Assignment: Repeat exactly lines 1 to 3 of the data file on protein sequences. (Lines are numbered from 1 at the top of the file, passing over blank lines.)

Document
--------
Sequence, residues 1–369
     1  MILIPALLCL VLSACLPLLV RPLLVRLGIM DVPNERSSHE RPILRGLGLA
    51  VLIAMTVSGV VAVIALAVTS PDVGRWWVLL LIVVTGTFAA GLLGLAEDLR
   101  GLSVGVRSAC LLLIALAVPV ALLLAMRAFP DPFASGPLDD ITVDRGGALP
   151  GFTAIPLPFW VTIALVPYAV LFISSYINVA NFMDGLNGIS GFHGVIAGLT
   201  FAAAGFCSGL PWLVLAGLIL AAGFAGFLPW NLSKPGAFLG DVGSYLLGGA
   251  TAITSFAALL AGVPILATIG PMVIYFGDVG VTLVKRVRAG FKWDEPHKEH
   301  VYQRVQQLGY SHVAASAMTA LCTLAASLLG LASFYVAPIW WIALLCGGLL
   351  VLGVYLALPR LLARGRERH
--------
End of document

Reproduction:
Sequence, residues 1–369
     1  MILIPALLCL VLSACLPLLV RPLLVRLGIM DVPNERSSHE RPILRGLGLA
    51  VLIAMTVSGV VAVIALAVTS PDVGRWWVLL LIVVTGTFAA GLLGLAEDLR